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Pope's Thursday speech might not stem long-declining church membership.
BERLIN — Pope Benedict XVI called Holocaust denial “intolerable and altogether unacceptable” after meeting with American Jewish leaders on Thursday. But for some of his countrymen, especially his fellow Catholics, the speech may be too little too late.
Despite Richard Williamson’s remarks to Swedish television that he believes “there were no gas chambers,” Pope Benedict lifted the schismatic bishop’s excommunication on Jan. 24. The move has dealt the worst blow yet to the pontiff’s reputation in his homeland, where Holocaust denial is a crime. Germany’s large Catholic minority may sustain lasting damage.
"Ordinary churchgoers seem disappointed and distressed," said Christian Weisner, spokesman for Catholic grassroots reform group Wir sind Kirche (“We are Church”). The group is one of many collecting signatures for protest letters to the Vatican.
Germans divorced themselves from the Catholic Church in the hundreds last month, the news magazine Der Spiegel reported. The number of departures is up as much as 40 percent in some areas.
To leave the church, Catholics must file papers with the state to cancel the 8 percent surcharge on income taxes levied on those who participate in organized religion.
Church attendance is already under 14 percent even among declared Catholics, according to the German Bishops’ Conference. This is less than half of what it was two decades ago.
Currently one in three Germans are Catholic, but since the Williamson controversy broke they have been striking their names from church rolls.
Left-leaning newspaper Die Tageszeitung printed a ready-to-send form last week with blanks left for readers to fill in their name, date, and reason for leaving the church. Some options to check off were: too anti-gay, too reactionary, and “too Ratzinger.”
Will the pope’s Thursday speech staunch the flow?
“He made his position clear,” said Sister Simone Reiboldt, who helped staff a hotline for angry Catholics in the southern city of Mannheim. She said Friday that the crisis was past and the hotline was closed.
But online German-language forums like mykath.de and kreuzgang.org still overflow with thousands of posts discussing the Williamson case.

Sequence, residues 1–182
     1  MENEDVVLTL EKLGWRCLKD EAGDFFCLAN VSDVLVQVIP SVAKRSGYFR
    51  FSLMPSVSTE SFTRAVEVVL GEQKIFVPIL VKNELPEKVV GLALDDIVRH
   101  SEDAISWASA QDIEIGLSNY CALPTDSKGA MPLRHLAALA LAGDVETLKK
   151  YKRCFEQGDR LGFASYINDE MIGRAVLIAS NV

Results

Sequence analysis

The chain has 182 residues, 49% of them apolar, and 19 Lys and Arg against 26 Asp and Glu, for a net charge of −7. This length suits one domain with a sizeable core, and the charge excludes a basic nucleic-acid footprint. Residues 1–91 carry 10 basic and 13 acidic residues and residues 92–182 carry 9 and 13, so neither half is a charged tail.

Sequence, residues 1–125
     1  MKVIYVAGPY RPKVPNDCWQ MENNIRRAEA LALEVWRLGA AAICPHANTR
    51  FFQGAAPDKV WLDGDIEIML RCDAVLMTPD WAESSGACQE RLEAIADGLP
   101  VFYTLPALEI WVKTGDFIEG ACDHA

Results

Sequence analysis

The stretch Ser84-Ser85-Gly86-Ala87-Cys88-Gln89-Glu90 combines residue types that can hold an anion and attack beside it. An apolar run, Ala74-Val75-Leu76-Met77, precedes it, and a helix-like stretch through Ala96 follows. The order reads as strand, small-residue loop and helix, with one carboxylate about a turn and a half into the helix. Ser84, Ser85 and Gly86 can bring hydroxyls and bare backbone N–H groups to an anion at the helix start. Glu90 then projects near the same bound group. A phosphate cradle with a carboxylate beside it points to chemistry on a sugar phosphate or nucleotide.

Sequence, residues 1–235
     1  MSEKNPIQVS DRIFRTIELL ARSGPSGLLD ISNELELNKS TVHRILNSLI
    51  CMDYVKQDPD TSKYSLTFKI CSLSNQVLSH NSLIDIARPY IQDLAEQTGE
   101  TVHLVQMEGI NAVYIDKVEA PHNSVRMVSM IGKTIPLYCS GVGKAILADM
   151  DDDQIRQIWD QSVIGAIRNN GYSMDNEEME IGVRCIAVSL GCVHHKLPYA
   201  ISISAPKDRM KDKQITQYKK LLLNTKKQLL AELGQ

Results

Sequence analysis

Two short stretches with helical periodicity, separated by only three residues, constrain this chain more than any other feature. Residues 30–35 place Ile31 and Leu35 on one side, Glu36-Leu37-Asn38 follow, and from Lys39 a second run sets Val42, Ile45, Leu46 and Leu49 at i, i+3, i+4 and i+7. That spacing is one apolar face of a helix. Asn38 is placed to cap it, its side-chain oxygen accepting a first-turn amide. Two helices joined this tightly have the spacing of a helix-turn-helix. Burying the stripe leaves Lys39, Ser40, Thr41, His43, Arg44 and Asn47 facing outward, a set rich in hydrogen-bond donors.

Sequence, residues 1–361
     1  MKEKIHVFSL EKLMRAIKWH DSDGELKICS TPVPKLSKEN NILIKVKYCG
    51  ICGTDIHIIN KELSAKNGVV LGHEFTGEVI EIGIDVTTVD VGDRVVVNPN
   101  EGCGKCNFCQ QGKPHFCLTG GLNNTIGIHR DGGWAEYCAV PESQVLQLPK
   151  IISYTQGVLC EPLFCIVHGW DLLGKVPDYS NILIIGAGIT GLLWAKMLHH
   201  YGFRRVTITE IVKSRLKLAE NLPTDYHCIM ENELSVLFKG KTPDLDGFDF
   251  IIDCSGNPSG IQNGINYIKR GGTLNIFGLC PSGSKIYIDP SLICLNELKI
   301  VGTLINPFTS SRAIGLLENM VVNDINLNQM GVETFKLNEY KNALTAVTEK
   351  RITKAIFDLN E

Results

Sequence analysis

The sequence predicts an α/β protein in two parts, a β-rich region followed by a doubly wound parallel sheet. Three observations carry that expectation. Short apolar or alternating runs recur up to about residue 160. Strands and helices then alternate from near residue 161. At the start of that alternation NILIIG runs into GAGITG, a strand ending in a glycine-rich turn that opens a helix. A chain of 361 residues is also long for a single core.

“I’m still Catholic but no longer want to be Roman Catholic,” writes one user named Wolfgang E. “On Monday I’m going to discuss with my confessor how best to go about that.”
A number of German Catholic groups have expressed solidarity with the pope, some bristling at Chancellor Angela Merkel’s public demand that Benedict “clarify his position on the Holocaust” and direct phone call to the pope on Sunday.
The Catholic archbishop of Munich and Freising, Reinhard Marx, expressed surprise at the Merkel’s criticism of the Pope, arguing that his position on the Holocaust is already clear enough.
Norbert Lammert, president of the Parliament and a member of Merkel’s CDU party, said that "much of what has been insinuated about the pope is almost malicious, and certainly not fair," in an interview with the Hamburger Abendblatt.
Merkel's stand is remarkable given her usual reticence and in the context of the federal election coming up in September. The daughter of a Lutheran minister can ill afford to alienate conservative voters in heavily Catholic Southern Germany, a group that put her over the top in the 2005 election.
But most German’s applauded her stand on what they consider a particularly German question. Williamson’s views are hard to stomach for people who literally trip over Holocaust memorials on their city streets. The many "stumbling stones," engraved with the birth and death dates of Jews deported to concentration camps account for a just a tiny fraction of the memorials in a country obsessed by coming to terms with the Holocaust.
Pope Benedict has already touched this national nerve by continuing to support sainthood for Pius XII, the pope accused of failing to speak out against the deportation of Jews during World War II.
The pope seems to be at best tone-deaf when it comes to relating to his home nation. He raised hackles among Germany’s large Turkish population by quoting a Byzantine emperor’s characterization of the prophet Muhammad’s teachings as “evil and inhuman” in a 2006 speech. Last year, he approved a statement arguing that Protestant churches “cannot be called churches in the proper sense.” Unsurprisingly, this did not play well in the birthplace of the Reformation.
But many see the latest controversy as the ”moral last straw,” as one commentator termed it.
Catholics had hoped a German pope would renew enthusiasm for the religion in a secular nation, and they celebrated his election with a rare display of national pride.
"We're the Pope!" crowed mass-circulation daily Bild almost four years ago. The phrase caught on, and the German Language Society named it one of the ten words of the year.
Now the catch phrase is: "We were the Pope.”
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